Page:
Intraventricular chordoid meningioma presenting with Castleman disease due to overproduction of interleukin-6. Case report

Division of Neurology, Nagoya University, Nagoya, Aichi, Japan
Journal of Neurosurgery (Impact Factor: 3.74). 05/2005; 102(4):733-7. DOI: 10.3171/jns.2005.102.4.0733
Source: PubMed


A rare case of chordoid meningioma in the lateral ventricle observed in an adult is reported. The first clinical manifestation of the disease was a prolonged fever of unknown origin. Abnormalities in the patient's blood chemistry, principally polyclonal hypergammaglobulinemia (immunoglobulin [Ig]G, IgA, and markedly IgE) and an elevated serum level of C-reactive protein, were associated with the disease. The tumor was histologically confirmed to be a chordoid meningioma, and its surgical removal resulted in complete resolution of the patient's symptoms. By combining reverse transcription-polymerase chain reaction and immunohistochemical analysis, it may be shown that cytokine production, including that of interleukin (IL)-6, IL-1beta, and vascular endothelial growth factor, plays a role in the pathogenesis of chordoid meningioma associated with Castleman syndrome.

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    ABSTRACT: Objective To enhance the understanding of Castleman’s disease (CD), and to improve its diagnosis and management. Methods Clinical features and related information on diagnosis and treatment of 14 cases of CD were retrospectively analyzed and the literature reviewed. Results Based on the clinical classification, localized CD was found in 8 of the 14 cases. Both the results of lymph node biopsy and histopathology indicated they were a hyaline-vascular type. The multicentric type CD was detected in 6 cases, among which 4 were plasma cell type and 2 mixed type based on histopathologic examination. There were a variety of clinical situations in the 14 cases, with a lack of specificity. They were previously misdiagnosed as other diseases, and final diagnosis depended on a histopathologic examination. The 8 patients with localized CD underwent excision, without recurrence up to now. The 6 patients with multicentric-type CD were treated with glucocorticoids or combined chemotherapy, and all achieved remission. Conclusions CD has complicated clinical manifestations and is difficult to diagnose. Lymph node biopsy is important for early diagnosis. An optimal curative effect can be achieved with a suitable therapeutic option, based on histopathology and clinical classification.
    No preview · Article · Jun 2007 · Chinese Journal of Clinical Oncology
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    ABSTRACT: Chordoid meningioma is an uncommon histopathological variant of meningioma with a peculiar chordoma-like appearance. Its association with systemic inflammatory disorder linked to Castleman's syndrome was confirmed in the majority of young patients, however such a relationship in adults remains enigmatic. We report two cases of chordoid meningiomas in adult patients without manifestation of Castleman's syndrome. One tumour was almost totally composed of chordoma-like areas whereas the second one exhibited the unique combination of chordoma- and chondroma-like pattern. This is the first description of chordoid meningioma combined with extensive cartilaginous metaplasia. Both tumours exhibited histological evidence of infiltrative growth, accompanied by a relatively high proliferative index within structures of chordoid appearance. The designation of the chordoid component in meningioma is very important as this subtype of meningioma exhibits a more aggressive biological behaviour and higher risk of recurrence.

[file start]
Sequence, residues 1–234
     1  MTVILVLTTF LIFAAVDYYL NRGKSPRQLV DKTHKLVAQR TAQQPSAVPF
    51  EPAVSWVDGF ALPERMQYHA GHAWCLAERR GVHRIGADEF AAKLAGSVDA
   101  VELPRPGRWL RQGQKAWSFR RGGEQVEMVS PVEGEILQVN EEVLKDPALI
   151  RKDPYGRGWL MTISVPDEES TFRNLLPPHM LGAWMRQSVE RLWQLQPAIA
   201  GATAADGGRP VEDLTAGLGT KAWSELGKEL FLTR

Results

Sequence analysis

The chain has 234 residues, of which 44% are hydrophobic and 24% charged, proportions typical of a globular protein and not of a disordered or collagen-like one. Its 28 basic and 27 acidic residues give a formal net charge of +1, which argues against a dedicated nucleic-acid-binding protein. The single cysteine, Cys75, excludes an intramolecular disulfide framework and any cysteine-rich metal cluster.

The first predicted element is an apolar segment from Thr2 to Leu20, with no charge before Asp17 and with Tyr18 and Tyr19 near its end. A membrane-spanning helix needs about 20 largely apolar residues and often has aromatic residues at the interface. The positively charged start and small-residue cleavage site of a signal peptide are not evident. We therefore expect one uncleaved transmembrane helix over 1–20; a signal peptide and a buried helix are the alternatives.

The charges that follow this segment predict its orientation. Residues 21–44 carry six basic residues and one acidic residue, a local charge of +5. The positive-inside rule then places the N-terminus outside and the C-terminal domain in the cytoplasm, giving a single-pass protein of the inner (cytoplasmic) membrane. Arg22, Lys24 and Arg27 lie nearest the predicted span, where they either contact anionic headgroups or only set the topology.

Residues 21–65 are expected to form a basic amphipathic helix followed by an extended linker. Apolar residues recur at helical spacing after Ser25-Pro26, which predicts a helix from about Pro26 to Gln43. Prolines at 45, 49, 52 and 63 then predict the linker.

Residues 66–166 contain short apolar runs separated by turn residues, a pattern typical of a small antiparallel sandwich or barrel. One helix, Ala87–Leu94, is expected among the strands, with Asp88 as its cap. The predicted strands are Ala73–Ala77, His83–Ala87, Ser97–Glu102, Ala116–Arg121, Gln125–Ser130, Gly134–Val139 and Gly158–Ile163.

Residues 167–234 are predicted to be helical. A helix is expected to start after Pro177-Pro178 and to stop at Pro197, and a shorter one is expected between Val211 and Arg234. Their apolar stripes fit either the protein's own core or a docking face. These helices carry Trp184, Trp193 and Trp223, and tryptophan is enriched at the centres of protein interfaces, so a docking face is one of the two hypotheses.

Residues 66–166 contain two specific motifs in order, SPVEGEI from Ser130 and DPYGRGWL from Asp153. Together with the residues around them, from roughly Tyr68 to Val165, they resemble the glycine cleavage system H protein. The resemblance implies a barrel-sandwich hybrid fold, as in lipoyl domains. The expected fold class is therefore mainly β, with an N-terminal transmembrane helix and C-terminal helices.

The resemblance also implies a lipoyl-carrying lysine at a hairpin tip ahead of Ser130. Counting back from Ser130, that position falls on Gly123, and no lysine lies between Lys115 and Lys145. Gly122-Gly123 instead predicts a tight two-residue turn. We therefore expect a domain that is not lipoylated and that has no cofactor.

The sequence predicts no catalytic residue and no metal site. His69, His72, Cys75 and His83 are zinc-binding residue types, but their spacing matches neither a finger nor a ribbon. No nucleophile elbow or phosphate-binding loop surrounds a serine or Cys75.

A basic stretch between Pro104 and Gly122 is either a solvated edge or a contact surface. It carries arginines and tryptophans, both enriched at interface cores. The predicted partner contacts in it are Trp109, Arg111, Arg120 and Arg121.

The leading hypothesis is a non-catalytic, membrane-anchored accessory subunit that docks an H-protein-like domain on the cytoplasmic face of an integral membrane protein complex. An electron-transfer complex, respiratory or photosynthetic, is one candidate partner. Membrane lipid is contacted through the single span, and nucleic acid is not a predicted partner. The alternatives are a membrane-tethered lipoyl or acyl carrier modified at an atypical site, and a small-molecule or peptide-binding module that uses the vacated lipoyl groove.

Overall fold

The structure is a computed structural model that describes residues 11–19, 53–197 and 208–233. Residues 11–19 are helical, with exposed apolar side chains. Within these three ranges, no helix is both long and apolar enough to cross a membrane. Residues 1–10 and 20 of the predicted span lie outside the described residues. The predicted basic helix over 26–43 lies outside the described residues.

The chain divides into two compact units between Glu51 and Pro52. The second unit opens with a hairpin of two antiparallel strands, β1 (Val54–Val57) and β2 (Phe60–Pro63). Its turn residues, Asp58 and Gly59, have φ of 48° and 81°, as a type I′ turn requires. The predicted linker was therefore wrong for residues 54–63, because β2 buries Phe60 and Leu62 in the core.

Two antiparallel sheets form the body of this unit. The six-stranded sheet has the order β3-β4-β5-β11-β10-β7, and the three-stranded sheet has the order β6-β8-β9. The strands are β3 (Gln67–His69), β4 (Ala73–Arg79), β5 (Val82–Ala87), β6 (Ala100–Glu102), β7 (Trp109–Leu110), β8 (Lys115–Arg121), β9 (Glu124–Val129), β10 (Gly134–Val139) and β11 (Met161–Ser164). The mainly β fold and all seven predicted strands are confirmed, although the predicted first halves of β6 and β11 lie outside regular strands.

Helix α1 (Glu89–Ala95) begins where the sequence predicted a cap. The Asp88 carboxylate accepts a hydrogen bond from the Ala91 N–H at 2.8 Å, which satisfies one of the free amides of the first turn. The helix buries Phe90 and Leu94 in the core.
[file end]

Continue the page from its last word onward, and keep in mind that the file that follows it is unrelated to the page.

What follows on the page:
No preview · Article · Feb 2006 · Folia Neuropathologica
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    ABSTRACT: Chordoid meningioma (CM) is a meningioma containing regions that are histologically similar to chordoma, with trabeculae of eosinophilic, vacuolated cells in a myxoid background and corresponds to WHO grade II [1]. Such a tumor is a rare variant first described by Kepes et al. in 1988 in young patients associated with Castleman syndrome [2]. Only a series [3] and a few case reports [4-18, 24-30] were published. To the best of our knowledge, about 80 cases have been previously published, but unpublished cases are often recorded. Ultrastructural features of these tumors are studied in only few reports and are not yet precisely ascertained. We present a new case of a relapsing chordoid meningioma with aggressive behavior and acute clinical presentation and a "chordoid progression'' of the tumor characterized by histological and ultrastructural modification.
    Full-text · Article · Jul 2006 · Ultrastructural Pathology
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